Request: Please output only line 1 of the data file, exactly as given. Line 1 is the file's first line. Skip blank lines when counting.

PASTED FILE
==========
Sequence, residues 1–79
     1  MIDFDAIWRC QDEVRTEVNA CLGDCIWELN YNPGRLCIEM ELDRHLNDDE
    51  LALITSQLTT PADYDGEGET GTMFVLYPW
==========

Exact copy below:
Sequence, residues 1–79